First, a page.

While I find the idea of two separate classes completely ridiculous (teenagers who choose abstinence for now will still, most likely, need to know about contraceptives and safe sex later in life. Why not get them the education now?) I do think that this program could have seemed like progress to me – if it empowered the teens. If the school district were to allowed the students to decide which class they would like to attend then I could appreciate this program more because it would symbolize the school district, and the parents, trusting their teens enough to take license over their own sex education and, by extension, their own bodies.
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Disney Princesses & Dissapearing Waistlines

Watching The Rescuers earlier this week with some feminist friends got me to thinking about Disney movies (again) and the messages that they portray. With this in mind I noticed a few things while looking through the Disney Princesses that I’d like to take some time to highlight here:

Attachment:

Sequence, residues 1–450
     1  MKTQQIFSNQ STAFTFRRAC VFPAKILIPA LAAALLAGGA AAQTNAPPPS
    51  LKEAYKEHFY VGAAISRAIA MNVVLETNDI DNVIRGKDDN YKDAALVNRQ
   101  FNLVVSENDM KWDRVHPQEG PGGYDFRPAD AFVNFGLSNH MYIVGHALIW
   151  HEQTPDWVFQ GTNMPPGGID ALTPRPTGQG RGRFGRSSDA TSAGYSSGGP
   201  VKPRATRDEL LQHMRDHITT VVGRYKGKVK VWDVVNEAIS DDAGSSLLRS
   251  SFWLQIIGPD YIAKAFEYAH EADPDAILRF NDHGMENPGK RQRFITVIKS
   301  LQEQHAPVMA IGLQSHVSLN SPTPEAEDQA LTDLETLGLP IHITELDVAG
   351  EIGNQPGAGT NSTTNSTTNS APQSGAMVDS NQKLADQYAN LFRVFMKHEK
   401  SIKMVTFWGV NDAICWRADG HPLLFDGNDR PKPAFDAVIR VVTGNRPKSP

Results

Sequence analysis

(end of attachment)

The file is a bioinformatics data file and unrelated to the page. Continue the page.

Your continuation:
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If you line the princesses up chronologically, in the order their movies were released, some things become strangely apparent. Look at their waistlines – although Snow White starts off incredibly thin, as time goes by the princesses only get thinner and thinner. The 1960s are when the real thin ideal came into its full force in our culture – is it a coincidence that Disney princesses had started shrinking in the decade before? Its true that culture informs media, but it goes the other way too – little girls who grow up idolizing impossibly thin princesses become young women who perpetuate and buy into the idea that thin is the only acceptable form of beauty and one should strive to be thin, regardless of the price. Obviously Disney is not the only perpetrator of this ideal (but considering its constantly growing power, revenue, and influence it plays a large role) and all little girls do not grow up and internalize this message, but enough of them do to make a difference – as evidenced by the shifting ideals between 1950 and 1960.